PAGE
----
Twenty-seventh Sunday in Ordinary Time

“Hear another parable. There was a landowner who planted a vineyard, put a hedge around it, dug a wine press in it, and built a tower. Then he leased it to tenants and went on a journey.” (Matthew 21:33.)

In commenting on this verse from today’s Gospel, Saint John Chrysostom writes:

“Observe the great care that the owner took with this place and the extraordinary recalcitrance of the people. He himself did the work the tenants should have done. It was he who planted a vineyard, and set a hedge around it, and dug a wine press in it and built a tower. He left little for them to do. All they had to do was take care of what was there and to preserve what was given to them. Nothing was left undone but all accomplished. But they made little effort to be productive, even after they had enjoyed such great blessings from him. For when they had come out of Egypt, he gave a law, and set up a city, and built a temple and prepared an altar. Then he “went into a far country.” He was patient with them. He did not always keep a close account of their sins. The meaning of “going into a far country” is God’s great patience.

He sent his servants, that is, the prophets, “to receive the fruit.” By fruit he referred to their obedience, demonstrated through their works. But even here they exhibited their wickedness. They not only failed to give the fruit, after having enjoyed so much care, thus displaying their laziness, but also were angry with the servants who came. For those who did not repay what they owed should hardly have been indignant or angry. Rather, they should have asked for the householder’s forgiveness. But they not only were indignant; they even bloodied their hands. While deserving punishment, they themselves inflicted punishment. Therefore he sent a second and a third company of servants both to show their wickedness and the love toward humanity of the One who sent them. Why didn’t he immediately send his Son? In order that they might repent and condemn themselves for the things they had done to the others. He hoped they would set aside their anger and reverence him when he came.”(The Gospel of Matthew, Homily 68.)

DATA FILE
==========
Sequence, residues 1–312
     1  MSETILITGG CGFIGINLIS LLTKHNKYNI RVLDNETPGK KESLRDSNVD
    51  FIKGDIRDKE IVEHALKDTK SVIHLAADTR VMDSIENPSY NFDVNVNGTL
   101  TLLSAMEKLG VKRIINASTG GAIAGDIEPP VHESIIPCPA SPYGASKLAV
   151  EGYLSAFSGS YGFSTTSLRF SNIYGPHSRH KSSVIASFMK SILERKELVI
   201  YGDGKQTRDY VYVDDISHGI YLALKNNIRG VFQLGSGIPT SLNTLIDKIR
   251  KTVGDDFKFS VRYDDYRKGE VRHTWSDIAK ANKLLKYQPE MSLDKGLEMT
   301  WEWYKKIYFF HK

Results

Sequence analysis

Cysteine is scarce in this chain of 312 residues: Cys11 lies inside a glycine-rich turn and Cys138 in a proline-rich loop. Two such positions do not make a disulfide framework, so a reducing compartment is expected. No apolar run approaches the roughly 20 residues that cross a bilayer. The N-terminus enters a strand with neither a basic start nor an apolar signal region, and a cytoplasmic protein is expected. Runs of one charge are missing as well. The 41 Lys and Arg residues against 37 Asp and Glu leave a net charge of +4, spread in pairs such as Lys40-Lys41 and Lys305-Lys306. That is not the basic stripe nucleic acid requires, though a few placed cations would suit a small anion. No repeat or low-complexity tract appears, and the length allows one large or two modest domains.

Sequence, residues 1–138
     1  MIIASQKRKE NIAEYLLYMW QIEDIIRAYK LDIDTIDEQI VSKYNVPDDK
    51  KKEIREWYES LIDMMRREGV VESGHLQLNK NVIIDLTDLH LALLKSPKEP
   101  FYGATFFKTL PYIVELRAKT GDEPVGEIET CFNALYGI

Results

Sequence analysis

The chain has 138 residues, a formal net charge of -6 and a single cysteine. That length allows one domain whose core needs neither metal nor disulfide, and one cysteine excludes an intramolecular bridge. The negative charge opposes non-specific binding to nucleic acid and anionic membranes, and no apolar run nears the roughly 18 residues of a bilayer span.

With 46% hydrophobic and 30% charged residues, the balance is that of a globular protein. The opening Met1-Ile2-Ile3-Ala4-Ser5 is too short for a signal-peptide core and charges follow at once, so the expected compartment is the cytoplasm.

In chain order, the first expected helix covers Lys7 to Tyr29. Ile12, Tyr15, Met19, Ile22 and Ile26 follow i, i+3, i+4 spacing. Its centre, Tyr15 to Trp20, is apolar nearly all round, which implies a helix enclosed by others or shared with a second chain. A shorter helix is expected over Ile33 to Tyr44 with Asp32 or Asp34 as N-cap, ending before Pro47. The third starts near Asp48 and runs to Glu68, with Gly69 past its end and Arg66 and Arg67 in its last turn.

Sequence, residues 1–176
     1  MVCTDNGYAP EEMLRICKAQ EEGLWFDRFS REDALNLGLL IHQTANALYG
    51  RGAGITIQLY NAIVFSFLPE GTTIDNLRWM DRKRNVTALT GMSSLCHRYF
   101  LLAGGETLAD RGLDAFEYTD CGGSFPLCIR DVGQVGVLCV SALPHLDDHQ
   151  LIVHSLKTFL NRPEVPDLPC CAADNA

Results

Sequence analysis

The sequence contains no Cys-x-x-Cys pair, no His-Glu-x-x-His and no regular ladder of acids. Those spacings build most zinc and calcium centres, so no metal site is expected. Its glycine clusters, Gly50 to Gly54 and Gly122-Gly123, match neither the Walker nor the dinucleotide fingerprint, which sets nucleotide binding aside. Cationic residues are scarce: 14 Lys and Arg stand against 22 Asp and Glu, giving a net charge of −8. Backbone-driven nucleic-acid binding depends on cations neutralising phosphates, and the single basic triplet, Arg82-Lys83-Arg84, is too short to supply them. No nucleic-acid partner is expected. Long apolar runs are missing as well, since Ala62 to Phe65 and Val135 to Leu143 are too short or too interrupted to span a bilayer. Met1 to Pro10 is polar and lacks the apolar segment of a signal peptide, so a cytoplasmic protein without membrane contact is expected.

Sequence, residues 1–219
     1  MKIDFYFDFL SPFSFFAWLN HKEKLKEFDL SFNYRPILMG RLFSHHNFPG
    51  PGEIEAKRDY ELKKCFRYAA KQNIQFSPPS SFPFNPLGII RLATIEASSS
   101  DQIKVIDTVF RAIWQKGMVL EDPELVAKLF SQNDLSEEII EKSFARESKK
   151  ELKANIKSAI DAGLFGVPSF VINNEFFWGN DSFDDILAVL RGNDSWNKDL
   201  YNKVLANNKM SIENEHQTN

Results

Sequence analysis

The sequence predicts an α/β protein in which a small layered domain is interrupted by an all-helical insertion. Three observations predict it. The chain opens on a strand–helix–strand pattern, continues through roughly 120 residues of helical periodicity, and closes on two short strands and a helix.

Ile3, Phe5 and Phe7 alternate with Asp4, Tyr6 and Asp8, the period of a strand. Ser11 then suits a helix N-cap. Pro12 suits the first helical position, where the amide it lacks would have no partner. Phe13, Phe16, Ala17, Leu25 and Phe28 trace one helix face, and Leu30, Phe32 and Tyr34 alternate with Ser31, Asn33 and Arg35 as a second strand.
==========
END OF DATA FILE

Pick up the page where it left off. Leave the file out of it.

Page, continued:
Almighty ever-living God,
Who in the abundance of Your kindness
surpass the merits and the desires
of those who entreat You,
pour out Your mercy upon us
to pardon what conscience dreads
and to give what prayer does not dare to ask.
Through our Lord Jesus Christ, Your Son,
who lives and reigns with You
in the unity of the Holy Spirit,
one God, for ever and ever.

Glory to the Father
and to the Son
and to the Holy Spirit:
as it was in the beginning,
is now, and will be forever. Amen